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|Book 4: The Avatar - Chapter 3|
October 26, 2014
They had only been traveling for a couple of days, but Suki and the Water Tribe members were already terribly bored of the scenery and the environment on their ship. The sea had been calm and still, but no other sign of life had accompanied them on their journey thus far. No gulls, no whales, the journey had been dull and uneventful.
Katara stood at the front of the ship, leaning forward with her head on her arms. She wondered how Aang was doing, how the meeting was going in Yu Dao, how Aang was coping without her. She was excited to see her father again, and her Gran-Gran, but now she was on the ship headed towards the Southern Water Tribe all she wanted was to be back with Aang. She had to laugh at herself ... how had she become this love struck little girl? When back in the village she had grown up in she planned to ask Master Pakku to start training her again. As much as she adored Aang, she needed her independence back, and to become a Master as great as Pakku. Plus, it would keep her mind off him, she mused bitterly.
She felt someone come up behind her and looked round to see Suki standing there, holding out a sweet bread with a small smile on her face. Katara accepted the bread and smiled back at Suki. "Thank you."
Suki came and stood next to her, leaning onto the walls of the ship and looking out of the sea ahead of them. "Doing okay?"
"Yes I'm fine," Katara replied. "I mean, I miss him. But I'm trying to focus on what's needed of me for now. I'm so worried about Gran-Gran, and that I'm too late to help."
"You're the greatest healer I know, Katara," Suki replied with a smile. "You'll get there in time."
"Yeah, right, I'm the only healer you know," Katara said with a snort. "But thank you, Suki."
They stood in silence for a little longer, eating their bread and staring out over the disturbingly chilled expanse of water ahead of them. They both knew this would be a long journey.
"I guess this is how normal people travel," Katara said with a smile. "You know, people without flying bison and Avatars."
Suki laughed aloud. "Hey, it sucks doesn't it? Bison beats ship any day."
"You know, sometimes you sound like Sokka -"
"I love him and all, but don't ever say that again." Suki nudged Katara and laughed once more. "So, what is your plan once your get back to your home? Aside from tending to your grandmother, you must have other plans? I don't think the village can be that ruined, can it?"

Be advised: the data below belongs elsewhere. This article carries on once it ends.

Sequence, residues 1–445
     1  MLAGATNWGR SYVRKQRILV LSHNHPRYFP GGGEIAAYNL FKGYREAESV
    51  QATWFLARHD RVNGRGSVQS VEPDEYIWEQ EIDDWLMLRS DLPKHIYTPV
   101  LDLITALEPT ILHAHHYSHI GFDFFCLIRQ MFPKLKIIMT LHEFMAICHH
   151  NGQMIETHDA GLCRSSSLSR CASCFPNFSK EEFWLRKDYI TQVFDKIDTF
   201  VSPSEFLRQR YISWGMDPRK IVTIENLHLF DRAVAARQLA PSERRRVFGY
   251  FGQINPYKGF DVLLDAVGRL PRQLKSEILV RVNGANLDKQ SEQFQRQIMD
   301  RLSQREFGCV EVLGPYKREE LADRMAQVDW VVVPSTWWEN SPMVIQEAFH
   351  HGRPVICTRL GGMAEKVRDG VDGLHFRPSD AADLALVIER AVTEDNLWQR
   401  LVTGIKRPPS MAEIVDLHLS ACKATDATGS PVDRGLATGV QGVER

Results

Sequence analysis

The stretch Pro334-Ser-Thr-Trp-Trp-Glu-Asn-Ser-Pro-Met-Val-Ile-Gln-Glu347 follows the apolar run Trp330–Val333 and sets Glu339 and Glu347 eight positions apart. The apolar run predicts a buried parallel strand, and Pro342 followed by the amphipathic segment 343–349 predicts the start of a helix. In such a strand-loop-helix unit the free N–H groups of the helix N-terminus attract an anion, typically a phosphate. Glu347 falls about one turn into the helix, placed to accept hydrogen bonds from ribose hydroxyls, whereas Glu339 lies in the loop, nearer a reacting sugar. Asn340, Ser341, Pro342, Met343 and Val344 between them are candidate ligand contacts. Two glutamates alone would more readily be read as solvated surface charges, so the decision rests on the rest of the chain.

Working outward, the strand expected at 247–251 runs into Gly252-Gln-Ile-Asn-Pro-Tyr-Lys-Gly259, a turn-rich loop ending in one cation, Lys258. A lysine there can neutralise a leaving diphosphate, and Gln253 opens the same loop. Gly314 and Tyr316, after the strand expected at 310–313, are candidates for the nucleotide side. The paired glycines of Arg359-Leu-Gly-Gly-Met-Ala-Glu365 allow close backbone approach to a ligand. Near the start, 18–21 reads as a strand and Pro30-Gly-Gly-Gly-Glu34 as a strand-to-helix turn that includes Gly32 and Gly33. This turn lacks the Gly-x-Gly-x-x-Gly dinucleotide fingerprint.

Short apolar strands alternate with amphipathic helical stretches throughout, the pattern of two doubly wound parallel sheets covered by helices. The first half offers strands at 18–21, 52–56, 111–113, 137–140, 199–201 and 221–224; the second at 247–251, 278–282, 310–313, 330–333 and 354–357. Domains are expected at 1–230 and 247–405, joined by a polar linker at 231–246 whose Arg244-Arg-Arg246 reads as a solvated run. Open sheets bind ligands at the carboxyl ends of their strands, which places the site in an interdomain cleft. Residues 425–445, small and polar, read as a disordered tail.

"I really don't know what to expect," Katara replied honestly. "Nutha hasn't spoken a word to me since I apologised for Aang yelling at her, and Niyok is too busy flirting with your fiancé to say anything worthwhile."
"Oooh the girl can dream."
"But I would like to start my training again. I like helping Aang and travelling about the world with him, but lately I feel like I don't have anything that's mine any more. I want to teach water bending."
"I can respect that," Suki said. "Truth be told it's why I didn't mind spending so much time in the Fire Nation. I'm a Kyoshi Warrior, it's who I've always been, and I can't do that when I'm around Sokka."
"But you're engaged," Katara said, her eyebrows raising. "If that's how you feel how're you going to make it work?"
Suki looked up at the sky. "I love Sokka, and he loves me. We'll make it work."
Katara felt a slight pang of sadness in her stomach when she thought of Aang again. What had been wrong with him? He had all but run from her when she had tried to take things further between them. Did he maybe not love her as much as she thought? Suki must have seen the look on her face because she reached over and put a hand on her shoulder.
"I'm guessing things aren't working out so well between you and Aang then?"
Katara looked up at her, judging her answer, and whether it was something she could truly tell Suki.
"Katara, been there, done it. You don't ever have to feel embarrassed about talking to me."
She played with the hem of her dress for a while, before taking a deep breath to answer. "He doesn't want to, you know, take things further. Each time I try and can feel he's desperate to run away from me. It's like he doesn't really see me ... like that, you know? Like he's still just a kid."
Suki looked up at the sky again, considering her answer carefully. She was silent for a short while before responding.
"I guess, for Aang, there's a lot of pressure on him all of a sudden. Now he's nearly seventeen the world expects him to marry, the council will only be asking more and more of him, and he's dealing with all these new stresses he hasn't had before. To me, he always seemed like the kinda kid who never wanted to grow up. He loves you very much, Katara, that's a clear as day. But he's just confused."
Katara sighed. "I guess you're right, Suki. Our age difference never really occurred to me until now. Women in my tribe would have having children by now, and I never really imagined I'd be any different. But then, I'm not sure either of us want children right now. There's way too much going on for that."
They remained in silence for a while longer, mulling over their futures and expectations, Katara absently bending small waves into the water in front of them.
"One day it'd be nice to talk about something other than horrid boys," Katara said with a small laugh.
"Tell me about it," Suki mumbled back.
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